This study took place when a professor and five undergraduate students collaborated in an undergraduate community psychology seminar on campus diversity. We sought to test if racial climate would be associated with PSOC for White students and students of color on a predominantly White campus after controlling for other variables likely to influence students' sense of community. Our hypothesis was that positive views of racial climate would predict greater PSOC for students of color, but not White students.
The study was conducted at a predominantly White public university in the Southeastern United States. At the time of the study, the university had about 3,300 students, most of them full time and 91% of them White, with the remainder of students being African American, Latino, Asian, American Indian and other.
Participants in this study were 237 full-time students. Students ranged from having attended 1 to 12 semesters at the university; the mean number of semesters was 4.0 (SD = 2.1). Participants' mean age was 20.6 (SD = 2.6). Females comprised 58% of the sample and in-state residents, 75%.
In terms of ethnicity, the sample was 58% White, 16% African American, 11% Asian/Pacific Islander, 7% Latino, 0.4% Native American/Indian, and 7% biracial/mixed race or other.
The research team utilized various methods of recruitment for students of different ethnicities. The majority of White students were randomly selected for participation through a stratified random selection of sections of a required course sequence taken in the freshmen, sophomore, junior and senior years. Eight sections (two for the freshman course, two for the sophomore, etc.) were selected, and all professors agreed to allow their students to participate, except one professor who cited being too busy to give up class time for the survey. The professor in the next class section in the random assignment list was contacted and agreed to participate. A member of the research team asked students in the classes to complete the questionnaire after informing them of the nature of the study. No students refused to participate. There was no compensation for participation.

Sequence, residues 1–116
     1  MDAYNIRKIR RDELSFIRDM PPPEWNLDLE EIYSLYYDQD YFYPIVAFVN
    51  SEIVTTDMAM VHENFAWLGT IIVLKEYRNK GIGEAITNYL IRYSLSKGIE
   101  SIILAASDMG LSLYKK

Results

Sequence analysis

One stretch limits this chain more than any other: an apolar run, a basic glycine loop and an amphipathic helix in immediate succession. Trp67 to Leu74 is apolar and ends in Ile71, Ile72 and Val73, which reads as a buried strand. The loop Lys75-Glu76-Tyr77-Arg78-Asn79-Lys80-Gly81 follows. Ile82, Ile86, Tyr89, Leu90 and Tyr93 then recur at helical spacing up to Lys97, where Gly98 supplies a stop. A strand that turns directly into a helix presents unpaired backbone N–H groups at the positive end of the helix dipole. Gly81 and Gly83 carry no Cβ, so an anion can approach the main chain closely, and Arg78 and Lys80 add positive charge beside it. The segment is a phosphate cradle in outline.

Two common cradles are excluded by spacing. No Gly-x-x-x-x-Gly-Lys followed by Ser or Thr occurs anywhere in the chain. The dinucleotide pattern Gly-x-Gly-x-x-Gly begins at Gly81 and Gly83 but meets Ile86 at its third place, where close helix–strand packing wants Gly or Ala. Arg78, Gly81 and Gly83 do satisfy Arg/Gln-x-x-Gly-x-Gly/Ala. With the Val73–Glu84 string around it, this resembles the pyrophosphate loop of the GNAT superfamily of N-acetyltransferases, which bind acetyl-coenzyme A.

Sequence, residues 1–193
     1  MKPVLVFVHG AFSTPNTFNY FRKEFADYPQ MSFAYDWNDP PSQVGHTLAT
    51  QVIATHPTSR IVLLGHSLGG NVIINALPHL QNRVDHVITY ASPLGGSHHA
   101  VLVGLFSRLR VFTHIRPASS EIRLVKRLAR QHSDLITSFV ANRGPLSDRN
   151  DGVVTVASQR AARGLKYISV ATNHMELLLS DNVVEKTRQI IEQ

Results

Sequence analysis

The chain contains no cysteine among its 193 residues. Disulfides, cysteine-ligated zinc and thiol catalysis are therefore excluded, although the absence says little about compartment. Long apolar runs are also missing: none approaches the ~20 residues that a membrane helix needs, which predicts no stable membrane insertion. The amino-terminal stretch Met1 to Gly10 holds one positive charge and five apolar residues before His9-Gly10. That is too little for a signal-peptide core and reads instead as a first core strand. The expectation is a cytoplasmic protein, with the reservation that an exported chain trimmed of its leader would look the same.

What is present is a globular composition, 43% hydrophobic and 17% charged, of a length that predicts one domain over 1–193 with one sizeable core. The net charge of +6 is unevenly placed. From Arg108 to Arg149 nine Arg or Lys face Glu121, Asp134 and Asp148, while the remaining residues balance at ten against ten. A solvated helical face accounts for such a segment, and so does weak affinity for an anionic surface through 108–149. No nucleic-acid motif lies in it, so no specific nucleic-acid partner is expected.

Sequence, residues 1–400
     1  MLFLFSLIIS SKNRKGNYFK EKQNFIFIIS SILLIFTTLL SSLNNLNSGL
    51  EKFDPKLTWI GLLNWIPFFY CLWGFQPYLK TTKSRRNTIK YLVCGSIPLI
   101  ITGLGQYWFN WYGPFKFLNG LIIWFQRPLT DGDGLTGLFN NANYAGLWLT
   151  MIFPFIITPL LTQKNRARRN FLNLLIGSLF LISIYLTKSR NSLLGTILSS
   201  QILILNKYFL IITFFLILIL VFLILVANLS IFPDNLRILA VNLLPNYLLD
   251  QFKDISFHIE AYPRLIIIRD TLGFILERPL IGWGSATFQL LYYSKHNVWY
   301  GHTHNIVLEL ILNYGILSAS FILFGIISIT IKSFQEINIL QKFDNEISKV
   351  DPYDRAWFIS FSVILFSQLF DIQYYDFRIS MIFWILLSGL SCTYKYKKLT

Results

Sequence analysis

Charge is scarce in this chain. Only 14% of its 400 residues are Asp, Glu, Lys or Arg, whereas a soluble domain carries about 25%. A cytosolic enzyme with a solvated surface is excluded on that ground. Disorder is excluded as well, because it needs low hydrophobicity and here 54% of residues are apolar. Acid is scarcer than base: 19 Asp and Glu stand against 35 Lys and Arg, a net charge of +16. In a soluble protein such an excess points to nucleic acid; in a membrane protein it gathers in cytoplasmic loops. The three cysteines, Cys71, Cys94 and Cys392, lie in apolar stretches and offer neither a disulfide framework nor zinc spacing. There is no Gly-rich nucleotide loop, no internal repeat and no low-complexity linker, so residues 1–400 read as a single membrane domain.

Because the university had a low number of students of color, we needed to oversample participants from this group. While a few students of color participated in the random selection, the vast majority took part after either (1) being approached at a public site on campus (e.g., the student union) by a member of the research team or (2) hearing a research team member request their participation at a student club meeting (e.g., Black Student Association) or athletic team meeting. We included three athletic teams on the basis of their having significant numbers of students of color. White student-athletes on those teams also participated, both to avoid singling out students of color and to permit athletic status to be part of analyses for both groups of students. Thus we oversampled student athletes, who made up 22% of participants (32 White, 15 African American, and 5 students of other ethnic backgrounds).
Participants completed a questionnaire that included:
* Demographic information: gender, athlete status, ethnicity, resident status (in-state versus out-of-state), semesters attended, and semesters lived on campus.